Amazon Unbox is quite possibly the most aggravating, gimmicky, dubiously legal piece of unavoidable software I have ever crossed.
A background is necessary: Unbox is the pop-out player necessary to view any Amazon-purchased video media offline. In other words, if you buy the latest season of Glee or the newest Wes Anderson flick through Amazon–and you wish to actually possess a physical copy–your desire is only realizable upon also uploading Unbox (a proprietary reader that decodes the security-protected download file obtained through Amazon). So far so good.
The only problem: Unbox is a) not supported on Macs, b) cannot convert your file into a format amenable to burning a DVD, and c) will not convert files into any other format for viewing on a non-Unbox system. Here are a couple of results: First off, the fact that I paid the same dollar figure for my media through Amazon as I would at a conventional brick-and-mortar media store is immaterial: I clearly did not purchase the same amount of rights. Whereas I could have easily taken my shiny new copy of Life Aquatic, shed it of its shrink wrap, and copy or upload to my heart’s content, I cannot do the same with the Amazon file.
In fact, it’d be a stretch to presume I could even share my film on another already-Unbox-equipped computer–I’d have to go through the process of adequately setting up Amazon to recognize my account info on that third-party device. Basically, I’m stuck with either–a) hauling my main computer with me, or b) sacrificing my identity security by reproducing my account info on another computer–for *ever* watching my film with a friend. And that’s not all.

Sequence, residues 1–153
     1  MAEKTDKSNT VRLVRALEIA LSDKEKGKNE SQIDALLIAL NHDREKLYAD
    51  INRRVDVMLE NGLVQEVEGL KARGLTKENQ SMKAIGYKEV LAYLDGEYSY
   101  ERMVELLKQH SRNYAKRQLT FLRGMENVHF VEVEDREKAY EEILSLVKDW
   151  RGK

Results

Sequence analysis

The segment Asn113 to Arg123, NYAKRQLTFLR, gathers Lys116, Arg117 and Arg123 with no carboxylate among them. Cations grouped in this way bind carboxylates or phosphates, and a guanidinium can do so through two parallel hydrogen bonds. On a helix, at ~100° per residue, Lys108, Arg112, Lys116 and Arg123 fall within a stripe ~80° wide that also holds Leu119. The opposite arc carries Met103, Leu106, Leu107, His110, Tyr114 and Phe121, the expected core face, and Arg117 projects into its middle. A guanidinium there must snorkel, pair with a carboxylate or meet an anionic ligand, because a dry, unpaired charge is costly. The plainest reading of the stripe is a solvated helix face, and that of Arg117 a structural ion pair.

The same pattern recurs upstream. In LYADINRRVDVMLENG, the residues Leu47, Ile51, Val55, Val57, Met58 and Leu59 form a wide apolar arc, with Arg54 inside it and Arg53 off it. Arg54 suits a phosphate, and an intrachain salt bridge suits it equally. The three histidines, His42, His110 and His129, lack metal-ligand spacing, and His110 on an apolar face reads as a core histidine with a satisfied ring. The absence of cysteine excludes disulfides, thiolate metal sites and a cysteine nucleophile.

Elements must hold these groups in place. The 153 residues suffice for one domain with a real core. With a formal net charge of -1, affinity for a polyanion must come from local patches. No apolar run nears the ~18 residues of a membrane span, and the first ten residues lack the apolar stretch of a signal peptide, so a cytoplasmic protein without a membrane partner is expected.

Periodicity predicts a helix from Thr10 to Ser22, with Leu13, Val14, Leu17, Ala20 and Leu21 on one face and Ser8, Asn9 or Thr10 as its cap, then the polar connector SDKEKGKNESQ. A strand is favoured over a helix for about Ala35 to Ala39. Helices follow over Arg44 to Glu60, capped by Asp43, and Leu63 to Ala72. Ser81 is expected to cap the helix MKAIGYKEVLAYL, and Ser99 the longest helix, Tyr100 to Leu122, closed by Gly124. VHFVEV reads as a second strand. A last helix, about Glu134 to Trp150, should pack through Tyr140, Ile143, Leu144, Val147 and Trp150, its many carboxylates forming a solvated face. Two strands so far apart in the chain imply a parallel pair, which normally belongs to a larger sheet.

Since I–like most of my fellow PC consumers–are reawakening to the usefulness of Macintosh platforms–every new Mac-friendly purchase we make is at the expense of the ownership rights we’ve vested in Amazon video media. In other words, I take a hit (for no fault of my own) in using and enjoying my legally obtained videos by making sensible consumer choices. Given the above, I can only denounce strongly Amazon’s Unbox. And I warn my fellow netizens of their likelihood of concluding the same should they too be suckered into its use.
Invircible is a unique virus detection application from an Israeli security company called Netz Computing.
Unlike other antivirus software, Invircible is built to protect against all viruses, including viruses for which have not yet been detected. While the generic algorithms upon which it is based does necessitate a slightly more advanced user than that of the average virus scanner, it also affords a much higher level of security. The system uses a sophisticated generic scanner to accomplish a level of security that no other virus scanner matches. Their white paper on the subject provides much more detail. Invircible has found a strong niche market among home, corporate, and governmental organizations for which the need for absolute security is paramount.
I’m skeptical at first about any program that claims to protect your privacy.